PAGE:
Michael Owen, a colleague at BT Sport, told me once that his favourite feeling was walking out with Liverpool and facing a raging hostile crowd in the Merseyside derby away to Everton.
“I just thought to myself, I’m going to shut you lot up,” he said. “I felt ten feet taller. I was thinking ‘stuff you’. It was us against the world in there. You can’t get better motivation.”
Of course, not all players have the same mental fortitude in away games. Frankly, a few go missing. They just don’t seem to ‘fancy it’ so much away from their own friendly fans and familiar surroundings.
They’re the types who drive managers to distraction. The old question: ‘Would he be up for it on a rainy Tuesday night at Stoke?' springs to mind.
And, of course, for most clubs there is no place like home. Why should that be, though? Surely, it’s largely psychological.
Yet a lot of teams develop a seemingly incurable travel sickness the moment they step on the team bus.
But good players don’t become bad ones just because they are playing on a different patch of grass, do they?
And modern tactics – with an emphasis on fast counter-attacks – should actually suit the away team. Sit deep, frustrate the eager home team, silence the crowd, nick the ball, break, score.
That’s the theory. The reality can be that they come under pressure, crack and mentally shrivel.
"Modern tactics – with an emphasis on fast counter-attacks – should actually suit the away team."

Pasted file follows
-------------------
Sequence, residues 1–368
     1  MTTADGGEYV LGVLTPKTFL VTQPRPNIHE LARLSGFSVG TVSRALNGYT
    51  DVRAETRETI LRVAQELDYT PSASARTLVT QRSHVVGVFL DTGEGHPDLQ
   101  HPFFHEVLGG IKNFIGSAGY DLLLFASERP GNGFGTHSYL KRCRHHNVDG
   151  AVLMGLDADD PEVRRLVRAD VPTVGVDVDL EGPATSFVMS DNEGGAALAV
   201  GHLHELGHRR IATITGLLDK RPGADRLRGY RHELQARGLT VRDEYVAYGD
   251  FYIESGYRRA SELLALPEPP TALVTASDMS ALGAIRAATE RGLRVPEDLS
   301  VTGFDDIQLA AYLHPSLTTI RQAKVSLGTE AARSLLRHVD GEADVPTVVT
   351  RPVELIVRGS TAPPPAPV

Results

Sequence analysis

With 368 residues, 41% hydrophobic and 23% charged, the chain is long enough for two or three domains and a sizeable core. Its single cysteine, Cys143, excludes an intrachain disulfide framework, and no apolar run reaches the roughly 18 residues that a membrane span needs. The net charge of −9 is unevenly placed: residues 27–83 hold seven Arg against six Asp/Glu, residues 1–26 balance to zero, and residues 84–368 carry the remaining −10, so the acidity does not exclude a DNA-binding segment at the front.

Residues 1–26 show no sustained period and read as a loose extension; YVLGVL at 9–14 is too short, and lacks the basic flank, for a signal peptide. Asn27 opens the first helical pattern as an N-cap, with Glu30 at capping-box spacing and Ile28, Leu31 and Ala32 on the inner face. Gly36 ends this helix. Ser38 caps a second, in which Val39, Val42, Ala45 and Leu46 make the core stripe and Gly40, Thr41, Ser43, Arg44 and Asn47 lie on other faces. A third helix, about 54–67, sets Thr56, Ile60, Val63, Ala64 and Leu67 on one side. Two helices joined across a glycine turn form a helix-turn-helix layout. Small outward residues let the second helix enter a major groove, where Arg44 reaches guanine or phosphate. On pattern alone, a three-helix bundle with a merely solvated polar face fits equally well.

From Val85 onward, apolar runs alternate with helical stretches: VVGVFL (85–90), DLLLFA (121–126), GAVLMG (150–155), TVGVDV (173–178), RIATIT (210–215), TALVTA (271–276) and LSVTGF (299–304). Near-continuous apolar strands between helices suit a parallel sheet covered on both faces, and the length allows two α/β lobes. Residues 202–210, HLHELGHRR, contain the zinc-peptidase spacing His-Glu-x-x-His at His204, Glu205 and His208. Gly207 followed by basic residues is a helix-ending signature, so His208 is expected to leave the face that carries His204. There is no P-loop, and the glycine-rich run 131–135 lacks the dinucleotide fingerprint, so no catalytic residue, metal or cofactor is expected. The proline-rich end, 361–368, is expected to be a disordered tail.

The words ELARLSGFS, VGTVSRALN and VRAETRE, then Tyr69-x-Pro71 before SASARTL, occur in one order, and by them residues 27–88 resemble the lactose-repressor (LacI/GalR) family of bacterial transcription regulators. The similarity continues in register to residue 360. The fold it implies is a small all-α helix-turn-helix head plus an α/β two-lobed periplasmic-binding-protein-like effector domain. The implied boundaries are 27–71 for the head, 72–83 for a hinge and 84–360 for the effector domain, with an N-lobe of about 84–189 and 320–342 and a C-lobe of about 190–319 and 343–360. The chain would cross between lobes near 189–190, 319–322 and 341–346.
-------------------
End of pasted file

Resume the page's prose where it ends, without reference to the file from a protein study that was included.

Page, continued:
Millwall’s frightening old ground at The Den used to scare visiting sides. The Lions once went 59 games unbeaten there.
One of their players in that era, Eamonn Dunphy, said: “Once we went ahead, you could see the opposition just pack it in. They wanted to get out of there.”
Aware of that level of intimidation, the great Nottingham Forest boss Brian Clough made his side get off the team bus and walk the last half-mile to the ground amid some pretty rough Millwall fans. They lost 0-3! Oh well.
Managers have come up with all kinds of ideas to beat the away day blues. Show films of the last win on the road, take the train instead of the team bus, go on the day or use a different hotel.
Martin Allen once tried to relax his Brentford players by getting them to smash golf balls over a lake at the team hotel (even though half of them had never played the game!).
But my favourite was the always understated, but hugely successful, Liverpool boss Bob Paisley.
His team had just lost a Wednesday European Cup tie at Forest and they had to go there in the league three days later.
“What will you do different, Bob?” asked a reporter. “Oh, I dunno,” mused Paisley. “We might go via Uttoxeter next time.”
This column first appeared in this season's Pompey v Gillingham matchday magazine.